A multi-part blog piece by Brad Bemis suggesting the use of a simplified/standardized risk analysis process for the purposes of PCI-DSS led me to look into a quick/rough-cut information security risk assessment method based around just ten yes/no questions, that Brad recommends. The method's inventor, Ben Sapiro, calls it "Binary Risk Analysis" [BRA] to emphasize those yes/no choices, implying a degree of simplicity and objectivity to the method (although some have questioned that: forcing users to choose in this manner merely causes them to collapse or shoe-horn each of their subjective opinions into one of two boxes, which does not make them any less subjective, and if anything makes them more constrained). The ten questions in BRA lead the user through the process of evaluating the frequency and severity (albeit called "threat likelihood" and "threat impact"), key factors that are commonly used to evaluate risks.
It occured to me that it would be even quicker and easier, and in fact no less accurate, for a competent person to assess and plot the probability and impact elements of relevant incident scenarios directly.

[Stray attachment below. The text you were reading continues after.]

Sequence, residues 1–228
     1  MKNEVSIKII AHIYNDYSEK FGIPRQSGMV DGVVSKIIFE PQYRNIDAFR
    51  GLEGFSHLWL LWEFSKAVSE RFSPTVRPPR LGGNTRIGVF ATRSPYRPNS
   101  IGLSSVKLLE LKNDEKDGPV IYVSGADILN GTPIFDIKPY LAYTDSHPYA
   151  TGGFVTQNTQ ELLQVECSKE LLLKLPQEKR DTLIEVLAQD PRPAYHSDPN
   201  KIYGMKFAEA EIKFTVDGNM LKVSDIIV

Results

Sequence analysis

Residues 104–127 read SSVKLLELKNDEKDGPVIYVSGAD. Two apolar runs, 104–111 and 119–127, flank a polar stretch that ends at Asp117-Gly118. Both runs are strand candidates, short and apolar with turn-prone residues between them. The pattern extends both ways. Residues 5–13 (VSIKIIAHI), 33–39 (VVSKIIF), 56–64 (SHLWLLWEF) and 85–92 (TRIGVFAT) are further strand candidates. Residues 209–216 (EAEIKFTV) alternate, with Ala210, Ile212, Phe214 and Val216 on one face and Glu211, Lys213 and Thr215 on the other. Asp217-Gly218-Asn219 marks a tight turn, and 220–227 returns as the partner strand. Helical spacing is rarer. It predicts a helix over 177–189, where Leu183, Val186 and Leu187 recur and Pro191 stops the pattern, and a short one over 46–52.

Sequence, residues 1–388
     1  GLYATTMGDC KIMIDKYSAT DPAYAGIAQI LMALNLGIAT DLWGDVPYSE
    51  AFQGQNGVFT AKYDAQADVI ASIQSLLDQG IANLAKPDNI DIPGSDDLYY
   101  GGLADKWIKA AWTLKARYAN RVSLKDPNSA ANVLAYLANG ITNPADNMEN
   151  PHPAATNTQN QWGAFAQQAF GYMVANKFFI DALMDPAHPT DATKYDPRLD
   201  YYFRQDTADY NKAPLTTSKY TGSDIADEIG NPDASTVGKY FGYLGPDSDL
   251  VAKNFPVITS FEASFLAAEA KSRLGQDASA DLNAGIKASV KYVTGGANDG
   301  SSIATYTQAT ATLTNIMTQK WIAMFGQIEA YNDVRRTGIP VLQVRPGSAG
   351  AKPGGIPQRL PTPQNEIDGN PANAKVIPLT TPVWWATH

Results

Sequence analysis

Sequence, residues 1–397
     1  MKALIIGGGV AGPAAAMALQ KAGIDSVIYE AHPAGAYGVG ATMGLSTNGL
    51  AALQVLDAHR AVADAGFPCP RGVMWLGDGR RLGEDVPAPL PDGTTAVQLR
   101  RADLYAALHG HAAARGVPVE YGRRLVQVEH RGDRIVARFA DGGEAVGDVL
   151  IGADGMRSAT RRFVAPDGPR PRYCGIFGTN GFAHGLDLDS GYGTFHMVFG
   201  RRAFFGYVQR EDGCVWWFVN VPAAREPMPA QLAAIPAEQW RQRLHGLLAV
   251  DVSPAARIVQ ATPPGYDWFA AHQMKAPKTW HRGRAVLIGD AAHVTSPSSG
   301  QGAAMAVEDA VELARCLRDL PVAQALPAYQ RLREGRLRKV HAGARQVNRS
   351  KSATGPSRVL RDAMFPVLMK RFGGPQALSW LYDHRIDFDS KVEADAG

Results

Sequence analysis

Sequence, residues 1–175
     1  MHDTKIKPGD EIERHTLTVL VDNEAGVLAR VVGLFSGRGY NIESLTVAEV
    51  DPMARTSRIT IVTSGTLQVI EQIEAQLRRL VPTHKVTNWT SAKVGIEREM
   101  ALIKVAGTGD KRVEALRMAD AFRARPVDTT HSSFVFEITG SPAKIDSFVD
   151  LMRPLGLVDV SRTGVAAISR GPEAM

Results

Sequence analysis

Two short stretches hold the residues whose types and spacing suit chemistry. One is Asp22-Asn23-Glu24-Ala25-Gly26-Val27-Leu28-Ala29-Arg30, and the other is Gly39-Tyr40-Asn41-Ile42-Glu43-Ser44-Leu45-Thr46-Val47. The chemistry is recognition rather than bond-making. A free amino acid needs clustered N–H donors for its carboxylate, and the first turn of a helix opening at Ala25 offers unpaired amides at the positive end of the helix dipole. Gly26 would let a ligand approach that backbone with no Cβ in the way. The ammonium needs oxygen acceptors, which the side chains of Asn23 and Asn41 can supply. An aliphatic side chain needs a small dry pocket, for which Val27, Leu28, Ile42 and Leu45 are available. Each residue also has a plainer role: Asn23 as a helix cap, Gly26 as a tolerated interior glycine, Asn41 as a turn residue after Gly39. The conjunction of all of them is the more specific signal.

Since Ben's method is "binary", I've called mine "Analog Risk Assessment" [ARA]!
I'm not saying analog is inherently better or worse than binary, just different. It happens to suit my way of thinking and, judging by the popularity of this blog item, others are similarly inspired. The colorful graphic (a metric) is an excellent way to consider and discuss risks in workshops etc., and to summarize the findings for management decisions, naturally focusing attention on risks in the red zone.
Whereas I've labeled the axes "Likelihood" and "Severity", you may prefer similar terms such as "Likelihood" and "Consequences" (reflecting the ISO/IEC 27000 definition "Level of risk: Magnitude of a risk expressed in terms of the combination of consequences and their likelihood”).
In the same spirit as Ben, I'm very happy for anyone to use ARA or develop it further under a Creative Commons license:
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